Helping mentally ill fathers for the sake of their children
By Richard Fletcher, University of Newcastle
The idea that mental illness can harm family relationships is not new. But it’s usually the mother’s parenting that has been the centre of attention.
So an article I co-wrote in today’s issue of the Medical Journal of Australia (MJA) breaks new ground by highlighting how important having a mentally well father can be for a child’s development. The effect of growing up with a father who has serious mental illness makes sobering reading.
Toddlers born to fathers with schizophrenia die at more than twice the rate of those with non-schizophrenic fathers, even after allowing for mothers’ mental health status. And young children with fathers who were psychiatric in-patients are ten times more likely to die from homicide. These fathers’ adult children are also more than twice as likely to suicide compared with children of well fathers.
Milder forms of mental ill health among fathers also have serious effects. Children of fathers who show signs of depression in the year after birth have more than three times the rate of behavioural problems by the time they reach school, compared with children of fathers who are not depressed.
The clear implication of these figures is that when serious mental illness is detected in men, they should be asked about their children. Steps should then be taken to protect the family as part of treatment.
But many men, even those with serious conditions, manage to provide loving care for their family.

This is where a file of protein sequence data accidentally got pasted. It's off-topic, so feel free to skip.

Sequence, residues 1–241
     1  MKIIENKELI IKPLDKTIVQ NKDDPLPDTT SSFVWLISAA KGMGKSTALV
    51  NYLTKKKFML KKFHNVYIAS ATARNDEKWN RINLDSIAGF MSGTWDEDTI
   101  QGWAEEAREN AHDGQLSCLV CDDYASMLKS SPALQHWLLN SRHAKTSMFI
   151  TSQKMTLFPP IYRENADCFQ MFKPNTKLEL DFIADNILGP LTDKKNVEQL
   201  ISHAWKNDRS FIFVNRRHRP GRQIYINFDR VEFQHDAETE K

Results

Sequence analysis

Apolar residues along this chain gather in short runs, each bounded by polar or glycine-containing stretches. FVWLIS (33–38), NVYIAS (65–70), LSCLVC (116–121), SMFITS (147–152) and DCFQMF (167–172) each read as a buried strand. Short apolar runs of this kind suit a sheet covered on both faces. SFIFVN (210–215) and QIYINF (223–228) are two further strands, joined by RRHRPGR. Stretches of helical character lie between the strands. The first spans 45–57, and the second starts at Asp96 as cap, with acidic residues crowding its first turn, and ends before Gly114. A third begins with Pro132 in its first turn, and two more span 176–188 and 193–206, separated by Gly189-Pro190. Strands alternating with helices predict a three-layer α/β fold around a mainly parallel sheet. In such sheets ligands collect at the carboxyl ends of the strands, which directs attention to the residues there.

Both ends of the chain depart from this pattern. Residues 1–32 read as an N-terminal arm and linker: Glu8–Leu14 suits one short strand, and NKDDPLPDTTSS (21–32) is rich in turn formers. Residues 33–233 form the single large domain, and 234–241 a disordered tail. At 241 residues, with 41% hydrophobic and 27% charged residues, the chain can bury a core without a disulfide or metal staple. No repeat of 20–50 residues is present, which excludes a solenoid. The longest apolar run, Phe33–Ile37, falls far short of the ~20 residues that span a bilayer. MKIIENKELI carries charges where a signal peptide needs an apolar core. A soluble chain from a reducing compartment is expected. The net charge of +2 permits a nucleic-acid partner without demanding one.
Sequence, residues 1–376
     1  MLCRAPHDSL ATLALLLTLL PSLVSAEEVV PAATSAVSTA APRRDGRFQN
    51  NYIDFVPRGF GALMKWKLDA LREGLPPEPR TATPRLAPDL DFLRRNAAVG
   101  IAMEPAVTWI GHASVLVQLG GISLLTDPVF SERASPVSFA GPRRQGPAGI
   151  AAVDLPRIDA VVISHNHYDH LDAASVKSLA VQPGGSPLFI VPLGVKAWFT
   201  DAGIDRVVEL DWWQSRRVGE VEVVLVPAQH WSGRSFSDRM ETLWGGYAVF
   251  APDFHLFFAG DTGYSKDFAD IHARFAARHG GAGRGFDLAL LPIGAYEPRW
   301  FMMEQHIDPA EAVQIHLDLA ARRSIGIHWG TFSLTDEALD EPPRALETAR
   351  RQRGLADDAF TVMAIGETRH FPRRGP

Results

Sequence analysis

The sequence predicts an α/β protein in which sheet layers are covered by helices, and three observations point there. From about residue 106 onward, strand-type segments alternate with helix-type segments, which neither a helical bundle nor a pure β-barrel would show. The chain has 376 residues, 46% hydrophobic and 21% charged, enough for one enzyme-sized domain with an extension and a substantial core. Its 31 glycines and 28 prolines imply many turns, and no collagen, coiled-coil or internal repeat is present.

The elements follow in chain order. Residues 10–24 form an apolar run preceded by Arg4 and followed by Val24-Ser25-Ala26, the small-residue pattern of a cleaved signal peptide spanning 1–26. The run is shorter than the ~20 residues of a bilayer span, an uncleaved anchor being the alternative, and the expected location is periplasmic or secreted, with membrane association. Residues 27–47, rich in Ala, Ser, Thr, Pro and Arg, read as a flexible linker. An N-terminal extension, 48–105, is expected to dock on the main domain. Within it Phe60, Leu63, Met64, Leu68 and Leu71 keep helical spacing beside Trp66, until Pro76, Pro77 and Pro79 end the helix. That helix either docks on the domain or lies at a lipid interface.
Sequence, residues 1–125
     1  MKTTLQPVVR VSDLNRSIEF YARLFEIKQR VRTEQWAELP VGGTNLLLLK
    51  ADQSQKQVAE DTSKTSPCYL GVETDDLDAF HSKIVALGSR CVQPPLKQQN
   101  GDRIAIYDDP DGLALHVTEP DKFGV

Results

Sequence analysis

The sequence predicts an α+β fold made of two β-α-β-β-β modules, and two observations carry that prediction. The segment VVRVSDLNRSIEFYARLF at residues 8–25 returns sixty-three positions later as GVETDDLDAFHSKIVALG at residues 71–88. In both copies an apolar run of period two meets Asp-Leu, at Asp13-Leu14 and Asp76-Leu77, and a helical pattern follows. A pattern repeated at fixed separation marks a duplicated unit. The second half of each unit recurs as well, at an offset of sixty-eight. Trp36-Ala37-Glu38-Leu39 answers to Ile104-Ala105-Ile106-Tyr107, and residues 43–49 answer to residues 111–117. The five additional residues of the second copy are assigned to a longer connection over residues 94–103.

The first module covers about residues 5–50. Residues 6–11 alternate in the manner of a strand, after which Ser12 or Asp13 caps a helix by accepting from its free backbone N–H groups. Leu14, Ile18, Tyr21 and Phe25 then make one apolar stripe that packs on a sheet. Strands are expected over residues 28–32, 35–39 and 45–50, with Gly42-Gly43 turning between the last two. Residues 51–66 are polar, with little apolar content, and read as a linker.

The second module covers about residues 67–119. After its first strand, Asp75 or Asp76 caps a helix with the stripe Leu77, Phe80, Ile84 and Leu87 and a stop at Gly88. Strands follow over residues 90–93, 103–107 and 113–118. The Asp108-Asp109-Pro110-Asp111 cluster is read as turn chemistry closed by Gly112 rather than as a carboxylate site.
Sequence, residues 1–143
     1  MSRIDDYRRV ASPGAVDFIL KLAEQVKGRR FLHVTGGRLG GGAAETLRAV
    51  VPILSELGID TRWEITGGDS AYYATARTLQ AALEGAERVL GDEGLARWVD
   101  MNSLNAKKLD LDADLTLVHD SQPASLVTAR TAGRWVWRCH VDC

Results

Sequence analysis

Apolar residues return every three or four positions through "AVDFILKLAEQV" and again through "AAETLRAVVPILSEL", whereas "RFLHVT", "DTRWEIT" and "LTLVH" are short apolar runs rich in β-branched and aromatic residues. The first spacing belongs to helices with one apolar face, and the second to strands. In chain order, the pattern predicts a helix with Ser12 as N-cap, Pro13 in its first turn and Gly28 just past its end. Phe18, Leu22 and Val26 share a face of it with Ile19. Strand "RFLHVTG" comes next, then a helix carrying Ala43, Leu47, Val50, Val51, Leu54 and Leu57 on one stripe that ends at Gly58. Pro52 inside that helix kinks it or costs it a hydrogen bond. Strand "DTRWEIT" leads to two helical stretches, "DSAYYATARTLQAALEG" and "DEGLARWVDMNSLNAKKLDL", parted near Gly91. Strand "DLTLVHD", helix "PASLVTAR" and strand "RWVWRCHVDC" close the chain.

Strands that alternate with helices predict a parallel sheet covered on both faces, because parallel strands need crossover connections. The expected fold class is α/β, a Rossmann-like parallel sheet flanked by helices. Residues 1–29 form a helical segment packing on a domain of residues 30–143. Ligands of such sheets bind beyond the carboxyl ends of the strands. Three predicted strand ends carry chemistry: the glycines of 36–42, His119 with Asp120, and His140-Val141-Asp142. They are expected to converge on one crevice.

Our article includes the example of “Ian”, father of five in his mid-40s, who was diagnosed with bipolar disorder. He found it difficult to cope when his children came home from school and demanded his attention. And his older children felt embarrassed by his unpredictable behaviour.
At the encouragement of his partner, Ian began seeing a health professional and joined a mental illness peer support group, which happened to have, by chance, other fathers. Seeing how other dads were coping in their role as father and having an opportunity to discuss everyday issues associated with parenting helped Ian feel more “normal” and encouraged him to talk to his children about his illness.
He also learnt to be more alert to the warning signs of his condition, and has become more positively involved with his children. “The kids trust me more and I’m getting closer to them. We do things together like fixing cars, going on family outings, and just doing life,” he told us.
Our work suggests we should be asking men about their responsibility for children when they seek help, even for physical symptoms. Helping men cope with the demands of fathering might be a key part of their treatment for mental illness.
Our article is published in a MJA special issue, which is part of a fatherhood project by Children Of Parents with a Mental Illness (COPMI), non-profit organisation for families with parents with a mental illness.
COPMI’s fatherhood pack will be launched by Mark Butler, the minister for mental health and ageing, on April 20 and will be available on the COMPI website.
The fathers’ page should be compulsory viewing for all dads, not just those with a mental illness diagnosis. The children say very clearly that they love and want their fathers around even if he’s a long way short of perfect.
This is a great message for all us dads and should encourage those with mental illness to seek help.
Richard Fletcher is a father.